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Cerean takes on boss
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Sheriffs Deputy Tom Letras of Ceres pays for filing fees to run for sheriff at the Stanislaus County Registrar of Voters office on Monday afternoon. Assisting the candidate is clerk Kathy Styles. - photo by JEFF BENZIGER/Courier photo

Stanislaus County Sheriff's Deputy Tom Letras, a 1990 graduate of Ceres High School, filed papers on Monday to run for sheriff against incumbent Sheriff Adam Christianson, his boss.

"I plan to bring common sense and solid leadership back to the Sheriff's Department," said Letras, a 41-year-old 17-year law enforcement veteran.

Outside the county Registrar of Voters office in downtown Modesto, Modesto was buoyed by his parents, Jim and Cathy Letras of Ceres, for moral support. Letras admits that he's the underdog in the race and agreed with his mother who drew biblical parallels to the battle between David and Goliath.

"You're talking about running against a two-term incumbent sheriff," said Letras. "I'm not going to be able to raise the amount of funds that an incumbent sheriff is going to raise to run a campaign. It's about going out to as many people as I can. How do you get your message out without money? You're gonna have to go and burn some shoe leather and be out walking and talking and be as many events as I can."

Letras helped on the failed campaign of Rob Jackson who tried to defeat Christianson four years ago.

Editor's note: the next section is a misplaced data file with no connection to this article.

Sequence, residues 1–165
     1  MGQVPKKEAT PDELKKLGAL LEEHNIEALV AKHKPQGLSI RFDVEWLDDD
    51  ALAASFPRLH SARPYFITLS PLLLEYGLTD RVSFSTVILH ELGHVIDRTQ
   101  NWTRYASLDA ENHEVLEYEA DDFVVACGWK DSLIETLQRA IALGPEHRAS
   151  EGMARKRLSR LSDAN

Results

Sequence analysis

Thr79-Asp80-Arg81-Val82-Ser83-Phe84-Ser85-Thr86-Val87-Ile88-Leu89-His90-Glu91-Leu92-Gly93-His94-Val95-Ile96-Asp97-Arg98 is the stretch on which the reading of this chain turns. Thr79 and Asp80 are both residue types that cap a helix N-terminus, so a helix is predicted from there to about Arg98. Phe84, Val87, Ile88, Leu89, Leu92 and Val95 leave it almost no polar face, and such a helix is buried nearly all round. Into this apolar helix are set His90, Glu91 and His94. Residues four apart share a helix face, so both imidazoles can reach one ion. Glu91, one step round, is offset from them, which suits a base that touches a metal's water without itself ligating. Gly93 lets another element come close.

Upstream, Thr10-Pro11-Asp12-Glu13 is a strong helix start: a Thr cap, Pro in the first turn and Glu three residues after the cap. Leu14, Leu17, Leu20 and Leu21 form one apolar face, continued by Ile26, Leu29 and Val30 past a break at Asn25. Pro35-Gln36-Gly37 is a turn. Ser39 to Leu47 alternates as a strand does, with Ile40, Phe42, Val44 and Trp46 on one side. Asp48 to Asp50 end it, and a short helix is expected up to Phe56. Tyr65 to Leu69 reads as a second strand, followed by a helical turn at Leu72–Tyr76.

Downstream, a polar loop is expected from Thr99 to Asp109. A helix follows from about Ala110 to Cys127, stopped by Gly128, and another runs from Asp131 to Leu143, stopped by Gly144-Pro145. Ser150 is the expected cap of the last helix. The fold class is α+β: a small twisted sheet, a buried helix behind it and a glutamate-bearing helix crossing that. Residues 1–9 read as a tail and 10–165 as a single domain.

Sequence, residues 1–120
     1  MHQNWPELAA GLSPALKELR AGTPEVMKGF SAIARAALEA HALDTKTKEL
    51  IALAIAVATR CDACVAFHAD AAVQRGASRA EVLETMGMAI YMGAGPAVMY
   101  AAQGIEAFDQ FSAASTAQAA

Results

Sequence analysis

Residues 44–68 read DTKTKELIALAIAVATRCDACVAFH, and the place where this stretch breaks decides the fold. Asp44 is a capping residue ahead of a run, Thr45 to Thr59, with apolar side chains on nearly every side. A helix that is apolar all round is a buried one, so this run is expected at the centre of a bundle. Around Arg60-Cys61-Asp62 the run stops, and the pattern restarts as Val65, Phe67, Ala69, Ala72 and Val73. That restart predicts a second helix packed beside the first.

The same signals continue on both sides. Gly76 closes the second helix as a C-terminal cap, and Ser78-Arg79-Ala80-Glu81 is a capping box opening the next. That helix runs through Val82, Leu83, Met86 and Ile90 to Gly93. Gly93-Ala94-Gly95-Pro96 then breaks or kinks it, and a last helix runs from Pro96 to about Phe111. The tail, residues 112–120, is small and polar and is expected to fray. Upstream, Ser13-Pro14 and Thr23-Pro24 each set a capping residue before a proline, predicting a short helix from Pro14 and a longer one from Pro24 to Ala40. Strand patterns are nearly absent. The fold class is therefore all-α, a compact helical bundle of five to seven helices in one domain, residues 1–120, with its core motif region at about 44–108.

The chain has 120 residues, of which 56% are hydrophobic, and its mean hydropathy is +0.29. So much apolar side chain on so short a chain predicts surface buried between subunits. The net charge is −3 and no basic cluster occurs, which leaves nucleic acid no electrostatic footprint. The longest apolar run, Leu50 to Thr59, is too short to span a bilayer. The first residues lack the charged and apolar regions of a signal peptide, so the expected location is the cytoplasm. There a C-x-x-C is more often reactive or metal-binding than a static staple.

"There's nobody else who was really willing to stand up and go up against him. He can be very difficult. We've had a lot of problems with our department and the services we're providing and these lawsuits we've had that has caused almost $10 million that our taxpayers have absorbed. These things that should be important to all of us, how much is the department costing the taxpayers in avoidable lawsuits?"

Letras announced his intent to run in September 2012 and blasted Christianson as a bully who intimidates his employees. He said the department lacks leadership, and suffers from low morale. He mostly recently criticized Christianson for allowing the use of the department helicopter for a private fundraiser in which golf balls were dropped from the air in Calaveras County.

"I don't want to attack the charity or the people who put it on - it's a great thing - but where do we draw the line as far as what kind of fundraisers the department is going to (support.)"

"We have a serious lack of leadership in the department," asserted Letras. "We need to find a way to work closer with our employees and with the community to provider better services. I think leadership stops at the top and we need someone who can lead with compassion and energy."

Letras began his career in 1997 after being hired by Sheriff Les Weidman to work as a custody deputy in the Sheriff's detention facilities. Letras has served as the Public Information Officer (PIO), a patrol deputy, gang detective, and many other assignments.

Raised in Ceres, Letras graduated from Ceres High School and then worked as a campus supervisor at CHS, and Mae Hensley and Blaker Kinser junior highs. He joined the Sheriff's Department's jail custody division in 1997. He served a while as a public information officer in 2001. He became a patrol deputy in 2005 after attending the academy and for 18 months served as a gang detective until the department's gang unit was dissolved because of budget issues. Letras' job then took him to transporting inmates. When Deputy Bob Paris was murdered during a Modesto eviction attempt gone awry in April 2012, Letras volunteered to serve evictions.

Christianson has said he intends to run again. A second would-be challenger to Christianson did not materialize in Tori Hughes, a department lieutenant acting as Patterson's police chief. In July 2012 Hughes testified at a civil trial that she heard Christianson talk about a "limp, lame and lazy" list of injured workers. The sheriff later issued an apology for the remark.